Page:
Garifuna leaders in Honduras still missing after 16 days

Armed men wearing bullet-proof vests with the insignia of the police and military kidnapped four members of the Honduran organization OFRANEH, as well another member of the Garifuna community member on July 18

August 04, 2020 by Peoples Dispatch
Image from a protest demanding the safe return of the five disappeared Garifuna community members. "Alive they were taken, alive they return". Photo: OFRANEH

Social movements in Honduras continue to demand the immediate return of five Garifuna community members who were kidnapped by heavily armed men on July 18 in Triunfo de la Cruz, a small town on Honduras’ Caribbean coast. The Fraternal Black Organization of Honduras (OFRANEH), the organization which four of the five of the kidnapped are part of, believes that the Honduran state is involved in the crime and has demanded that it provides immediate answers.

16 days after their kidnapping, the whereabouts of Alberth Snider Centeno Tomás, Suami Aparicio Mejía García, Gerardo Mizael Rochez Cálix, Milton Joel Martínez Álvarez, and Junior Rafael Juárez Mejía are unknown.

The involvement of the state has been alleged as the heavily armed men were wearing bullet-proof vests with the insignia of the Police Investigations Bureau and uniforms of the Military Police. The armed individuals broke into the homes of the 5 Garifuna community members in the early hours of July 18, forcibly abducted them, and threatened their family members and other community members who witnessed the crime.

OFRANEH has also highlighted the fact that their forced disappearance took place while there was a lockdown and curfew in place across the country. Hence, anyone driving around would have had explicit permission. “It is impossible for us to believe that the mobilization of three vehicles that the heavily armed individuals drove could have happened completely unperceived,” they denounced.

On July 31, 13 days after the disappearance, Honduran president Juan Orlando Hernández broke the government’s silence on the case and through a tweet insisted that his government was working to “identify those responsible for the crime and bring them to justice.” Yet to date, no progress has been made. OFRANEH noted that the Police Investigations Bureau, the same agency that may have been involved in their disappearances, is also in charge of the investigation. This is a clear conflict of interest.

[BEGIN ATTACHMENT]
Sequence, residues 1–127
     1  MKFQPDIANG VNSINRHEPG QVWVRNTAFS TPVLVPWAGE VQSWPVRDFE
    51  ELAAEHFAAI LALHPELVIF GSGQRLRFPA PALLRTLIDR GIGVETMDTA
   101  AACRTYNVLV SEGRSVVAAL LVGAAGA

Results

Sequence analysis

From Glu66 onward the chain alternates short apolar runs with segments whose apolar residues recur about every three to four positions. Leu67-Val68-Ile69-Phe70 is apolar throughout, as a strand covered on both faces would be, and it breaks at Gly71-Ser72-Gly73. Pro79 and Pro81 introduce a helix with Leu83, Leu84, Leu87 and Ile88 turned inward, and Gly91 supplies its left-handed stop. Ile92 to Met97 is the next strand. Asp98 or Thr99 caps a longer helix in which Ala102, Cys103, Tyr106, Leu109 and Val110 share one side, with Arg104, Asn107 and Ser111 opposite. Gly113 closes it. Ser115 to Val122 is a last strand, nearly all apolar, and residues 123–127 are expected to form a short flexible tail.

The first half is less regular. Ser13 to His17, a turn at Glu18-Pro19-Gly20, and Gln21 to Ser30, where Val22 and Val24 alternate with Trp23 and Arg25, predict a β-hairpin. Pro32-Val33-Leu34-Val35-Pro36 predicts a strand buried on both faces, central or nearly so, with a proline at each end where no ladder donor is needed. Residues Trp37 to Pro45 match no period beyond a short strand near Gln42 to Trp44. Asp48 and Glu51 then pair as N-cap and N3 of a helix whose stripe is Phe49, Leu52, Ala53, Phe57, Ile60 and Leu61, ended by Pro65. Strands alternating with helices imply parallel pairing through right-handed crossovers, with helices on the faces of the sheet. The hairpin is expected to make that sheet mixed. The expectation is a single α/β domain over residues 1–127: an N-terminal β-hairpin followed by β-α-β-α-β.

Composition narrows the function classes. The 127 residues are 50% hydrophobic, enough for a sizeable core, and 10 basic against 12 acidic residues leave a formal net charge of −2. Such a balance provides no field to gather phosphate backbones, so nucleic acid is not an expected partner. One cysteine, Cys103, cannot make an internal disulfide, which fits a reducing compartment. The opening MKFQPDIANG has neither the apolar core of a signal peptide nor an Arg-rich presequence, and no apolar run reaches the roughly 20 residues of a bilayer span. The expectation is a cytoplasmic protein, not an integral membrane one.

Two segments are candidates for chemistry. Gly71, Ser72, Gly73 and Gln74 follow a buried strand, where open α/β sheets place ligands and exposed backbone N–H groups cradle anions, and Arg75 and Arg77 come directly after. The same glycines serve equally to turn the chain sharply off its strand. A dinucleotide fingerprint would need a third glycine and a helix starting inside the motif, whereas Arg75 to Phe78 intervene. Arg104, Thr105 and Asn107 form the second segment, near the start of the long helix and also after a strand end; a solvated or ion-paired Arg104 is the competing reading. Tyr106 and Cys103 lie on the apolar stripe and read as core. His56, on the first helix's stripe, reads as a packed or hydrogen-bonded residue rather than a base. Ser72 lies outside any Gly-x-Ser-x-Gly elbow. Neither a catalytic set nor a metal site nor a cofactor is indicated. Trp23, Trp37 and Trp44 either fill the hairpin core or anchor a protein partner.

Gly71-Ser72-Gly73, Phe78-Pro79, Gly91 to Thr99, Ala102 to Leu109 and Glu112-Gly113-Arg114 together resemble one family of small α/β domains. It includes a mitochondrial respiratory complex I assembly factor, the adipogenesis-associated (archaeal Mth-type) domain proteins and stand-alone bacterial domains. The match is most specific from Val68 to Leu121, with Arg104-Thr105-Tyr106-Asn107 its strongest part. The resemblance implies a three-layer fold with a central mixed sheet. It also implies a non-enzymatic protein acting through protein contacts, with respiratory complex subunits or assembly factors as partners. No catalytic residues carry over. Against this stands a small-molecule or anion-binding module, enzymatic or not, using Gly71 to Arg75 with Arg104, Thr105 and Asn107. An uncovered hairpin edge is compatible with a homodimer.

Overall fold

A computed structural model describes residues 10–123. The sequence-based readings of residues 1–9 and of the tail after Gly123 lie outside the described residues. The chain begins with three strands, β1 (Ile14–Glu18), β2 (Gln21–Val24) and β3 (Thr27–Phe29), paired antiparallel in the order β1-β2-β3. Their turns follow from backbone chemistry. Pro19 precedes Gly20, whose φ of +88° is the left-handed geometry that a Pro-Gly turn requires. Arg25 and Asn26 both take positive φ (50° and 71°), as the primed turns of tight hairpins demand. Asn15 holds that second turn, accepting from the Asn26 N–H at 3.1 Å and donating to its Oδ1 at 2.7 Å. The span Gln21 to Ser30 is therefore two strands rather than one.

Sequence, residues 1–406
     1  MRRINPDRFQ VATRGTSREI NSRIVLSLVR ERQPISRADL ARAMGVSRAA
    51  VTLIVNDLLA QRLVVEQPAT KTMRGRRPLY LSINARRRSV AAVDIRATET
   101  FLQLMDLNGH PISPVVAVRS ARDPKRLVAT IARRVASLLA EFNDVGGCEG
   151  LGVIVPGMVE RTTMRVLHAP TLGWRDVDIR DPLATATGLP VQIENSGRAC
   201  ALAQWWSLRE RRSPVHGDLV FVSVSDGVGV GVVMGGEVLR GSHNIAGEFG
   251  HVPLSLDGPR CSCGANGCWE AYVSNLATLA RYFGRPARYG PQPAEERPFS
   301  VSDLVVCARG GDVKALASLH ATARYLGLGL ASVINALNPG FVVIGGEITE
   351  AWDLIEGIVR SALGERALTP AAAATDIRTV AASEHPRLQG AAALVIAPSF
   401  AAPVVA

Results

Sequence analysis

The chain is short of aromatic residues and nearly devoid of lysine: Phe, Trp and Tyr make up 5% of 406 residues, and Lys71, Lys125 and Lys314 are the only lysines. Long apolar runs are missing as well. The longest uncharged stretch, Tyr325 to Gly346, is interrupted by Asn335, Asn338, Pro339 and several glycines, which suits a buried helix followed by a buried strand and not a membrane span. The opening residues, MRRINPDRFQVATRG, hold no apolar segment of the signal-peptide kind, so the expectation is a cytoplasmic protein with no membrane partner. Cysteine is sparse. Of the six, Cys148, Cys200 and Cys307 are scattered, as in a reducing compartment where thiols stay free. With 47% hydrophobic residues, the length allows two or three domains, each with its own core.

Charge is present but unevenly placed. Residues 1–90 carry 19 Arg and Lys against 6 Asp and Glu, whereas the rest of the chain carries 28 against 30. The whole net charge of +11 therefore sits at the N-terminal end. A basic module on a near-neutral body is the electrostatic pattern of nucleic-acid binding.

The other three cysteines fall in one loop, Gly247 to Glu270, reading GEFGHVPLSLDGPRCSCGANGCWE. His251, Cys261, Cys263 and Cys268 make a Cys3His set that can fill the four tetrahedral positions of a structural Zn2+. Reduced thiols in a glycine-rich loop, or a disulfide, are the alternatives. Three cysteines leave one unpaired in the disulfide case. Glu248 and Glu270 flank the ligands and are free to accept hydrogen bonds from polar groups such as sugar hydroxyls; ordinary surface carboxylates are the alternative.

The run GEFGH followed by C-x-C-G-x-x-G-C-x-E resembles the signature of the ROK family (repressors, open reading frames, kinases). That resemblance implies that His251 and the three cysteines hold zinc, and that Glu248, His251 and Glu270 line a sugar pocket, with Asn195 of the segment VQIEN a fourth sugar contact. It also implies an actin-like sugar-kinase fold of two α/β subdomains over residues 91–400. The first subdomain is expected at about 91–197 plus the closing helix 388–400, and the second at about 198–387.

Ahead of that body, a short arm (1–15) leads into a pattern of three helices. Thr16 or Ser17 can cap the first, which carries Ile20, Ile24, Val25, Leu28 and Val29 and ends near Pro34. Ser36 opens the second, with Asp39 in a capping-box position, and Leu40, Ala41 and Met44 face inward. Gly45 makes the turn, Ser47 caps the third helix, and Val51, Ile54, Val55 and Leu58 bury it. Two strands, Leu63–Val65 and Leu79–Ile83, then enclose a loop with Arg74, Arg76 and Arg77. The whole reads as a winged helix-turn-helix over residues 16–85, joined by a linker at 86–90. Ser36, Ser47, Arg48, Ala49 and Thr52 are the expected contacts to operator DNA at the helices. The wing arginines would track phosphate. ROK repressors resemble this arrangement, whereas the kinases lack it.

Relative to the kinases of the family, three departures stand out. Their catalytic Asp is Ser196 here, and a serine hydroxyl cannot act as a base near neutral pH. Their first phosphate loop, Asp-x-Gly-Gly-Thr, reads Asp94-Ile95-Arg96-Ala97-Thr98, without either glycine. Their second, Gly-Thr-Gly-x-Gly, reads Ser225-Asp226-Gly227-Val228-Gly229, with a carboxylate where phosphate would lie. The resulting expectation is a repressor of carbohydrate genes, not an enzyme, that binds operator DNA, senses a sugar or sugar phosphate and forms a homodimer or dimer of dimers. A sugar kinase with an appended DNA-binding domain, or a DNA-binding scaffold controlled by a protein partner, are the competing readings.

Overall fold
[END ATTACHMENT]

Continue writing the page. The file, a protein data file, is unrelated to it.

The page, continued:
OFRANEH has also said that the Honduran state does not seem to be truly invested in the well-being of the Garifuna people as it has yet to comply with the decision of the Inter-American Human Rights Court (IAHRC) regarding the respect of Garifuna territories and human rights. Centeno, one of the five disappeared, was one of the key leaders in bringing this case to the IAHRC back in 2015. Furthermore, OFRANEH explained that the Garifuna community has faced increased attacks to their ancestral land rights from the State and transnational corporations and with it, an increase in assassinations and political persecution.

Meanwhile international organizations such as Amnesty International have joined the calls to demand that the government locate the five disappeared individuals. Erika Guevara-Rosas, Americas director at Amnesty International commented, “We demand that the Juan Orlando Hernández administration take urgent measures to find the five missing people, including four Garifuna activists from the Black Fraternal Organization of Honduras, alive. The authorities must also carry out a swift, exhaustive, independent and impartial investigation to identify and punish all those responsible for planning and carrying out this crime. We cannot allow impunity to encourage endless cycles of violence and grave human rights violations.”

OFRANEH and other organizations within Honduras and internationally have taken to the streets and social media to demand the safe return of the five that were disappeared. They have been using the hashtag #LasVidasGarifunasImportan (Garifuna lives matter), in reference to the #BlackLivesMatter movement in the United States.

The organization has also denounced a defamation campaign waged on social media by the Honduran right to claim that the five were involved in drug trafficking and that is why they were disappeared.